Sustainable materials have come a long way in recent years. When my wife and I owned a clothing boutique that specialized in organic, renewable, recycled and other sustainable materials, we came across so many fantastic, luxurious, durable textiles. Bamboo, Tencel, recycled plastics, and even the humble hemp plant could be transformed into gorgeous, cruelty-free apparel and accessories. One material we almost always avoided was leather, except in the rare pieces that sparingly used recycled or upcycled material. Leather’s terrible stuff, and its production is responsible for a huge climate footprint, deforestation, destruction of biodiversity, water consumption and pollution. Just look at this New York Times piece detailing how the American luxury car industry is helping to fuel ecological disaster in the Amazon.
It was easy for us as vendors to find luxurious leather replacements, and customers appreciated these alternatives for their attention to animal and environmental welfare, and because they were simply high-quality goods. I don’t see a reason the auto industry couldn’t improve its environmental standing by following parts of the fashion industry in replacing leather with imitations, or with something different entirely. They’ve already made progress. Let’s finish the deal.
Call it what you want — leatherette, fake/faux leather, vegan leather — car companies have been making and using animal hide imitations for years, and it just keeps getting better. The vinyl-based MB-Tex upholstery in my wife’s old GLK held up tremendously against kids, dogs and years of sun, and it was still pleasant to the touch and supportive.
Of course, not all faux leathers are created equal. Many are plastic-based, like polyurethane and PVC which have their own lifecycle problems and carbon footprint (even recycled plastics can shed microfibers and eventually end up in the landfill). Many, though, are plant-based, with new, promising sources being developed. Pineapple, apple, cactus and mushroom leather are already in use in the fashion industry. Many more are made from recycled materials, lessening the need for new plastic production and helping to divert materials from a premature trip to the landfill — or worse, into our oceans and soil.
2022 Volvo C40 Recharge leather-free interior
Sure, there are some applications where many will feel that only real leather will do. The hides used by Bentley are ultra-premium, and the craftsmanship that goes into integrating them into a car’s interior is second to none. But a lot of bulls die — as many as 20 per vehicle — to give the ultra-wealthy an acceptable throne on which to fart in pure luxury. There are rich vegans, and their money spends as well as anyone else’s, but we can’t imagine a Bentley customer who might also be a leather connoisseur to be fooled by an imitator. (Though leather made from the skins of Italian wine grapes sounds luxurious, no?) Thankfully there are other approaches that don’t try to copy the look and feel of leather at all.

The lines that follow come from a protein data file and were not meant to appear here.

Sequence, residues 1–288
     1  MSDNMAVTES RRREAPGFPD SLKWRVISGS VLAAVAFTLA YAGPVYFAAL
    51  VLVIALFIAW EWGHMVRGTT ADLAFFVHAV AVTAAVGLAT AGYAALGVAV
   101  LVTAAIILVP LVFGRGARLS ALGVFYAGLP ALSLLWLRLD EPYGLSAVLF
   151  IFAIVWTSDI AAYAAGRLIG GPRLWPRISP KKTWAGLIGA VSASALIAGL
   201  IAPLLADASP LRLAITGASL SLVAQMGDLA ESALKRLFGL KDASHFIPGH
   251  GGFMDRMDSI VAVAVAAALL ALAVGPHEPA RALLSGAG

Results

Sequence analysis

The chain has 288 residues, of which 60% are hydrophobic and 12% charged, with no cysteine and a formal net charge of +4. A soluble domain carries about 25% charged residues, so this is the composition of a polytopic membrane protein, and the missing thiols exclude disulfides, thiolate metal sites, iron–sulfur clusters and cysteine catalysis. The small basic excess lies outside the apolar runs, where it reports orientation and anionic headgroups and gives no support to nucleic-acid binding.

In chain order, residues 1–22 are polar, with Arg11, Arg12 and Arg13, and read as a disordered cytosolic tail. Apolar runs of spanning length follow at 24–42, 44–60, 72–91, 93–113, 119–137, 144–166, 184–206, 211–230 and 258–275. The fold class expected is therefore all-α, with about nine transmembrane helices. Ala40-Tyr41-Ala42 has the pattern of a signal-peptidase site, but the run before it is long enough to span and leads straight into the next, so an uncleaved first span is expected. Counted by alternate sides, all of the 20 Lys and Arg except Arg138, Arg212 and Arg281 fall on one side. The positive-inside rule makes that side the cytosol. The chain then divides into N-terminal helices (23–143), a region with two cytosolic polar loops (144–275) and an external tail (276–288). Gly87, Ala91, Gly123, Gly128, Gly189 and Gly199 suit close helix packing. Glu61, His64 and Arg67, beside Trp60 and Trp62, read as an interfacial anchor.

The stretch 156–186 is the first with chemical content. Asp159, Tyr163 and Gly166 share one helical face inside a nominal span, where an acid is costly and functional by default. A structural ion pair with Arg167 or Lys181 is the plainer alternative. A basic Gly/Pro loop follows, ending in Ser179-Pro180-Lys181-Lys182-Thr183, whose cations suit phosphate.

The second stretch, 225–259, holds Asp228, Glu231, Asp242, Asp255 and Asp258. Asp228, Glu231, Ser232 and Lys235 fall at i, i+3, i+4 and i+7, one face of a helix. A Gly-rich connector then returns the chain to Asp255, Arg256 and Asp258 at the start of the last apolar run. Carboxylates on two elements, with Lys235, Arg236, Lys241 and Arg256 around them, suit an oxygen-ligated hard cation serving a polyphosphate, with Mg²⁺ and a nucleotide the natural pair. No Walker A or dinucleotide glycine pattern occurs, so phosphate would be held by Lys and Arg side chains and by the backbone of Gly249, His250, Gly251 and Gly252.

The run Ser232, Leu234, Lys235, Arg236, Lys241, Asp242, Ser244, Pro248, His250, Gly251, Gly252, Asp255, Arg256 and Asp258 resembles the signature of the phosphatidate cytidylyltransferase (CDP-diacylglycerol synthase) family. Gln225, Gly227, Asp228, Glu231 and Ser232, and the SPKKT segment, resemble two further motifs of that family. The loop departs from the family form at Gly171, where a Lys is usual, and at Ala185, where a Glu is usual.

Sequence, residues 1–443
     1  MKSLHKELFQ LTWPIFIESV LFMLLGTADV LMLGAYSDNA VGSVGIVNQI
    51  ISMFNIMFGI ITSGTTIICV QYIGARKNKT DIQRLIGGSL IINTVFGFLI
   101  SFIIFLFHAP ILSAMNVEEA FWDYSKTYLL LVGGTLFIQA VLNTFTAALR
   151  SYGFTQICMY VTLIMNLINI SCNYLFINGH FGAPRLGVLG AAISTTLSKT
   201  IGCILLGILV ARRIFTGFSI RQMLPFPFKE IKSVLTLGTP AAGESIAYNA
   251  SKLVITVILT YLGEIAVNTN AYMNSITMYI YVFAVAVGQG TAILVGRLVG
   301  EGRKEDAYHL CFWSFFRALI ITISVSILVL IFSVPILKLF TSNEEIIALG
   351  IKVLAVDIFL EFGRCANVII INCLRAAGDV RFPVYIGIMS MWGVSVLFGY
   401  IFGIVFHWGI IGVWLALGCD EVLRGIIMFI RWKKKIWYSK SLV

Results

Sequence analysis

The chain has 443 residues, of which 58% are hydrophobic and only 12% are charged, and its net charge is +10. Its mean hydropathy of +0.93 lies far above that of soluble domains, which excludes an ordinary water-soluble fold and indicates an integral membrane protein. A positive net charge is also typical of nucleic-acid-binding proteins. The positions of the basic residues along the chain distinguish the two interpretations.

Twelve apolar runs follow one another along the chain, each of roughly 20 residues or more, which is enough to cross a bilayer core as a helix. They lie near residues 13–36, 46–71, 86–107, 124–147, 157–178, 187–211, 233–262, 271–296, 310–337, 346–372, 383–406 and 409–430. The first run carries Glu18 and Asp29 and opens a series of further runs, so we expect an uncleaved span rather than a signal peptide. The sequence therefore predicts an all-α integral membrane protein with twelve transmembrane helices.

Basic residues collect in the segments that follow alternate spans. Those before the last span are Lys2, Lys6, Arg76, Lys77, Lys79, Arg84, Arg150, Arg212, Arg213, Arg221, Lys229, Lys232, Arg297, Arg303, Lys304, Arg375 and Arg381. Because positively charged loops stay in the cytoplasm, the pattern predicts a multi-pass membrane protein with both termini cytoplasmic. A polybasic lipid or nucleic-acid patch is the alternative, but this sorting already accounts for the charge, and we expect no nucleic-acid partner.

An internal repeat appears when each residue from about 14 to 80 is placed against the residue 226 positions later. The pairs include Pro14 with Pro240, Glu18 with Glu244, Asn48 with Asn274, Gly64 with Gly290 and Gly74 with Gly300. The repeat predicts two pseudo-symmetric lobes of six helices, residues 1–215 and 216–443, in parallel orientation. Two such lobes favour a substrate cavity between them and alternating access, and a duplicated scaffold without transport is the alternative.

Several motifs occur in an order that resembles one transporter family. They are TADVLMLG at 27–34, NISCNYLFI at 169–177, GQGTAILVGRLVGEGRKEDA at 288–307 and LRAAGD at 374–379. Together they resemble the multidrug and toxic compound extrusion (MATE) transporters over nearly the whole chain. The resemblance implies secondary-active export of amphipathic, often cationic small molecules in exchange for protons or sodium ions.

As Land Rover’s color and materials design manager Hannah Custance told Autoblog, “Customers are becoming so much more sustainably aware, thinking about the environmental impact they have. That’s providing us with a lot of challenges, but also a lot of positive design changes as well.” As such, the automaker is working on a non-leather interior for its ultra-luxe SV vehicles. “It’s a technical-feeling interior, it’s not an alternative to leather. It’s different, it’s a customer choice. I think that’s been really important to us to make sure it is a luxury offer. It is not an entry-level option for customers.”
Carmakers are beginning to provide more options as their customers ask for cruelty-free, less-carbon-intensive options. The carmakers themselves, as evinced by their pivot to electric vehicles, are thinking about their responsibility, too. Volvo, for instance, has created its Nordico material, made from recycled PET bottles, recycled cork and “bio-attributed material” sourced from forests, as an alternative to leather in its next generation of vehicles. It’ll also still offer responsibly sourced wool as a high-end alternative. We love the Polestar 2’s vegan Weavetech interior, though a Nappa leather option is available. Of course, Tesla made headlines years ago with its vegan interiors. Mini is moving away from leather entirely. The Fisker Ocean’s vegan interior will use many recycled materials. Same with the Kia EV6. Subaru has StarTex, Porsche has Race-Tex. Mercedes-Benz has offered the aforementioned MB-Tex for years, and just revealed its Vision EQXX concept (pictured at top), which uses mycelium (the mushroom equivalent to a plant’s root structure) as a seating surface, and Deserttex cactus fiber leather for other surfaces. The BMW iX will offer a microfiber fabric alongside its leather offering, the latter tanned with olive leaf extracts instead of harsher chemicals.
Leather isn’t a necessity; it’s a problematic luxury. Thankfully, less-problematic options are growing in number and quality. It seems only natural that more animal- and planet-friendly materials will take the place of cowhide in your car’s interior. And, knowing how excellent some of these materials can be and benefits of using them, I hope this shift comes quickly — and completely.